So, for example, if the soil is 3 feet deep, then by determining for each foot of soil how many inches of water there are between field capacity and the wilting point, you can calculate how much water the vines will be able to retrieve from the soil. Using our example of a soil which is 3 feet deep, and assuming that for each foot there is 3 inches of available water, then there will be 9 inches of water available.   If you factor in the area available to each vine, you get a pretty good approximation of the water that will be available to it.

If you factor in even a minimal amount of rain and add in some amount of water left over in the soil from the prior season, there will be enough to fill the soil to field capacity, or at the least fairly close.  This season, as difficult as it is, is unlikely to change that.

In regions that experience summer rains, it is possible that rainfall will provide all of the water necessary to the vine for the entire growing season (since the summer rains replenish the water in the soil). But that is not our situation here in California, where, by and large, we need irrigation.  And, without question, the drought is affecting the accumulation of water that can be used for irrigation.

In the Central Valley, where winter runoff is widely used for agricultural irrigation, the drought is something of a disaster since those supplies will be much reduced.

In many areas, well water is used for irrigation. While less affected by the drought than those farmers that rely upon outside water supplies, they are nonetheless dependent upon the water table. If the water table in their area remains adequate, they will be able to get by.

Other factors enter into the equation as well. For example, pretty much all grapevines are planted on rootstocks of American origin (which can survive phylloxera). Most of those rootstocks are crosses that use either a riparia or berlandiera vine. Berlandiera is fairly drought resistant, while riparia is not. In fact, the name riparia comes from the same linguistic source as the word riparian; the vine is native to relatively wet areas adjacent to rivers or other water sources.

So vines that are planted on a berlandiera cross will probably do better than vines planted on a riparia one.

Another all too obvious factor is how hot it is during the summer growing season. The more heat there is, the more the vine will use up what water there is in the soil. A relatively cool growing season, just as obviously, will help us all get by.

Grape vines, as a general rule, are not as thirsty as a lot of other crops that can be grown. I have a vineyard at my home that I irrigate with well water. I probably only use about 50 gallons per vine for the entire season. I am quite sure I could get by with less.

Since there are so many unknowns about what will happen between now and harvest, it is hard to know with any degree of certainty whether we will dodge the bullet, or not. I suspect that the overall impact is going to be less than many people might think, at least here in the coastal regions.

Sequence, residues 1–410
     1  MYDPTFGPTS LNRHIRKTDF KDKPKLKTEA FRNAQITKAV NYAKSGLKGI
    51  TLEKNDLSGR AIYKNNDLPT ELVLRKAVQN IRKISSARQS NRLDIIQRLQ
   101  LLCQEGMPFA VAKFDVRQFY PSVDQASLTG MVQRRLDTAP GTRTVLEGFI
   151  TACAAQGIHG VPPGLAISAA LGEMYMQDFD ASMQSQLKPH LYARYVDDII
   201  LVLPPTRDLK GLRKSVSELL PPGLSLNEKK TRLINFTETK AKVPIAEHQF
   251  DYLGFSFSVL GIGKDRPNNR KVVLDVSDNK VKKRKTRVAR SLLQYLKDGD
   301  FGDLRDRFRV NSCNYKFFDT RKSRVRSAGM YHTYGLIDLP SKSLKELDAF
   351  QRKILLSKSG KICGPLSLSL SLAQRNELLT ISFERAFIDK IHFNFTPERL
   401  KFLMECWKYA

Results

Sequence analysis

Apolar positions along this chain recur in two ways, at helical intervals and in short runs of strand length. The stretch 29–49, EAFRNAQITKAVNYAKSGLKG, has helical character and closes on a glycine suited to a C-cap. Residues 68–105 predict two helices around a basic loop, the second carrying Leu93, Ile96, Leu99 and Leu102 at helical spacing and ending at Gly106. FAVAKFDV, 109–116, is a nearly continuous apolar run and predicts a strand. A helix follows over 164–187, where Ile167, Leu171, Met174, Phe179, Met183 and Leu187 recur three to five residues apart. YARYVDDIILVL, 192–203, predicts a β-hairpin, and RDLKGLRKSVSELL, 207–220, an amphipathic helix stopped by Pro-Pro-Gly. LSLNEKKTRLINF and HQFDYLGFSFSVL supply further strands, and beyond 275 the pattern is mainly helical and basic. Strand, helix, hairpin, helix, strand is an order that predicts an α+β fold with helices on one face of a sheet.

One final factor.  As I’m writing this, I’m looking out my window as the rain is coming down, as it has for about the last 36 hours. I don’t think that even a relatively wet February, March, and April is going to overcome the total lack of rainfall we’ve had to date. But, obviously, every drop helps.

Picking based upon sugar levels, or an exercise in total stupidity

Monday, January 20th, 2014

jeff-smby Jeff Miller of Artisan Family of Wines (Seven Artisans, Sly Dog Cellars, Red Côte)

While reading through my usual list of blogs for Good Reads Wednesday, I got led to this post: The Problem with ‘Physiological Ripeness” by Paul Lukacs.  It can be found at:

The following quote sums up the sum and substance of this article:

Perhaps when that happens, vintners will return to common sense and admit that seeds, skins, and pulp have little to do with ripeness, which as everyone has known ever since Antoine Lavoisier proved it so, refers to the appropriate concentration of sugar in the fruit–no more and no less.

In a minute, I’ll get around to my objections to the substance of the article. But before I turn to that subject, I think there is a question that needs to be asked: “Has this guy ever grown even one grape?”

To try to satisfy myself on that point, I googled the author’s name, and while I could find that he had written several books related to wine, I could find no evidence that he has actually engaged in the subject that this post is about, namely, growing grapes.

I will grant that you don’t need to know how to grow a grape in order to drink a wine. Or, to render an opinion as to the quality of the wine that you’ve just drunk.

But it’s one thing to consume a wine, and something else altogether to make one.

Aside from the lack of any indication on my Google search that Mr. Lukacs has ever grown a grape, the content of this post would seem to confirm my suspicion.

So let me turn to the post itself.

The gist of the post is that vintners should be guided by the sugar level of the grapes rather than other factors such as the condition of the seeds, skins, and pulp. Which, as I’ve quoted above, Mr.Lukacs feels has nothing to do with ripeness.